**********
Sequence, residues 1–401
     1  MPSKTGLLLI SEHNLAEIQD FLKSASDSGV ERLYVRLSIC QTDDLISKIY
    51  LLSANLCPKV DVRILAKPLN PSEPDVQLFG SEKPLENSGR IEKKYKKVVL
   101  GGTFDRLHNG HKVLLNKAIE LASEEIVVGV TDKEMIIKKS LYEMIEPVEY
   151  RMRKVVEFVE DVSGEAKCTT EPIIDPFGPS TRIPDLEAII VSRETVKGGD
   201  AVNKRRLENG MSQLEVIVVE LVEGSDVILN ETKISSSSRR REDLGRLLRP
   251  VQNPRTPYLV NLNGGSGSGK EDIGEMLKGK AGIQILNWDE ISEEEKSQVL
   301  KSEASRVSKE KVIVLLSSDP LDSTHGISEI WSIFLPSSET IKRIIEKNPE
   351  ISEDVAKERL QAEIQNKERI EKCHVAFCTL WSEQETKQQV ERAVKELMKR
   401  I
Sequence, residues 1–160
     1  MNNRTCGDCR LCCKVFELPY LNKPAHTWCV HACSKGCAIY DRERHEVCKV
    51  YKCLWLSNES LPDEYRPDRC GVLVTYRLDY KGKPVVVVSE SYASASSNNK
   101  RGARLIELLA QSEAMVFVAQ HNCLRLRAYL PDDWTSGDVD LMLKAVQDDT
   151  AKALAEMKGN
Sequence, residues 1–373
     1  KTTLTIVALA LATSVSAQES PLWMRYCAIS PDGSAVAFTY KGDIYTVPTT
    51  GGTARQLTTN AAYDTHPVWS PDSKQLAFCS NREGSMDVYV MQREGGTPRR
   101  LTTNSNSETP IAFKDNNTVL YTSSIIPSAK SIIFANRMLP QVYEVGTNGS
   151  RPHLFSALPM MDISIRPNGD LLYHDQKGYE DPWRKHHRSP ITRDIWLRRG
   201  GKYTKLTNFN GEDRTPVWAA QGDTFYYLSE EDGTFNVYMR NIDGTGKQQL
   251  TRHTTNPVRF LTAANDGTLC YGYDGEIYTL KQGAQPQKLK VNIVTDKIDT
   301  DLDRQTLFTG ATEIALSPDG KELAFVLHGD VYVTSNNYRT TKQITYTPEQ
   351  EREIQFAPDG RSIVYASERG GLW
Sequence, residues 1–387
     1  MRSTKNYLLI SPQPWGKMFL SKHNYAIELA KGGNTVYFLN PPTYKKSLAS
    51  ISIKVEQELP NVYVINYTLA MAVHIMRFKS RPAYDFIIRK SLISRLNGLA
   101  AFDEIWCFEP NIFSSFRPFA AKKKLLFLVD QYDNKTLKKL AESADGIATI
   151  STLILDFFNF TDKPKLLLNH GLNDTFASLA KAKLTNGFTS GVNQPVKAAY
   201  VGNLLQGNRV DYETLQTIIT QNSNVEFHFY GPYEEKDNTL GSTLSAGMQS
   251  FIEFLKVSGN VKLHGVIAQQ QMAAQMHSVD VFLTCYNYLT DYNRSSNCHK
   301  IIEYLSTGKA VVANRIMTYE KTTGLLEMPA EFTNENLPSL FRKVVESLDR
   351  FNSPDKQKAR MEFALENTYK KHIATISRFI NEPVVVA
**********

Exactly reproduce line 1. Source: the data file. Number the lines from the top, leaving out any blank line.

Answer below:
Sequence, residues 1–401